Meet Sri Lankan Researcher — Sugandima Mihirani Vidanagamachchi
What are you currently working on or worked on before?
I am currently working on several hardware acceleration projects that lead to commercialized hardware solutions and cyber security projects. I am currently working with the University of Ruhuna.
What encouraged you to pursue your research topic?
I have always been interested in exploring different solutions to existing problems in biological sequence (mainly genes and proteins) processing and identification. I conducted my PhD research on computational workflows of high-throughput shotgun proteomics and that provides numerous hardware and software accelerated solutions in shotgun proteomics workflows.
My BSc project motivated me to select the application area as proteomics as I conducted my BSc research project on disease prediction with genomics data utilizing neural networks.
Where do you find your best inspiration for your work?
I was first motivated by the research I conducted in my BSc project, and it was a kind of collaborative effort with several brainstorm sessions while gathering requirements. As I had a computer science background, it was a bit hard to understand and refine the requirements at the beginning. I had several meaningful knowledge-sharing sessions with Prof. Vajira Dissanayaka (Dean of the Faculty of Medicine, University of Colombo) and his research group till the end of my project. It was the best inspiration for all other research work in my career.
Can you share with us some of your publications?
What’s one of your biggest personal achievements so far?
I received the chance to work with Prof. Mahesan Niranjan in the Department of Electronics and Computer Science, University of Southampton, the United Kingdom as a visiting university academic staff for one year. It was an excellent exposure that I received so far.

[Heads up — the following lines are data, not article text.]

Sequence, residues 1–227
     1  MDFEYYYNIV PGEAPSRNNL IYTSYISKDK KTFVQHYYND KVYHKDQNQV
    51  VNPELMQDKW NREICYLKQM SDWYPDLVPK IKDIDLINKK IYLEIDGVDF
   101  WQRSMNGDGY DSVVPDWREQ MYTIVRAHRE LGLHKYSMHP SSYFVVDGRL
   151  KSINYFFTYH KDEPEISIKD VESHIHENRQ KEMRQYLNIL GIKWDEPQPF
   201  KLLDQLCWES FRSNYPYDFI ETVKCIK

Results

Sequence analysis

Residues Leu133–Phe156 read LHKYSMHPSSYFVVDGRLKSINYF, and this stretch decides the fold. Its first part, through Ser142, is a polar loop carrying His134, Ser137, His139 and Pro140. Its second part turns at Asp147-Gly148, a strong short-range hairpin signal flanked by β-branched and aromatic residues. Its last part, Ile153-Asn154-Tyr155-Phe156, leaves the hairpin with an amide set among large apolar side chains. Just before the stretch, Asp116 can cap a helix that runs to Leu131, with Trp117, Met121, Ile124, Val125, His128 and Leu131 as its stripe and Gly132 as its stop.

In addition, I have received several research grants and travel awards to conduct research and present my work to the international research community such as UGC grants, NSF grants, Prof. V.K. Samaranayaka grants, and grants from Indiana University, USA and Lille University, France.
What lessons would you share with a budding researcher?
Though you select your research in the area of your interest, there may be several obstacles while conducting your research, especially when working with hardware devices (eg: FPGA, and other PLCs). It takes considerable time with some configurations if you start working with a totally novel device and don’t be discouraged about that. Moreover, if you are pursuing a Ph.D. research, always keep in touch with the supervisor and target quality journals or conferences to publish.
What motivated you to be a researcher?
I enjoy doing research as well as teaching. It took me some time to understand the passion of research and that motivated me to conduct more research than teaching.
According to your opinion, what are the changes that the Sri Lankan education system needs to do, in order to meet the requirement of the international industry and academia?
Sri Lankan students are fortunate to have free education and it leads to get succeed in their field of interest. However, I can suggest some potential changes to the current system.
I suggest motivating more on student-centered learning rather than teacher-centered learning in both schools and universities in Sri Lanka. It improves analytical and critical thinking skills, soft skills (including communication skills) and creativity. Further, changes can be done to the existing curriculum of degree programs in the universities including new technologies and trends. Furthermore, providing different preferable methods to learn such as online, offline and blended as provided by the international universities and colleges.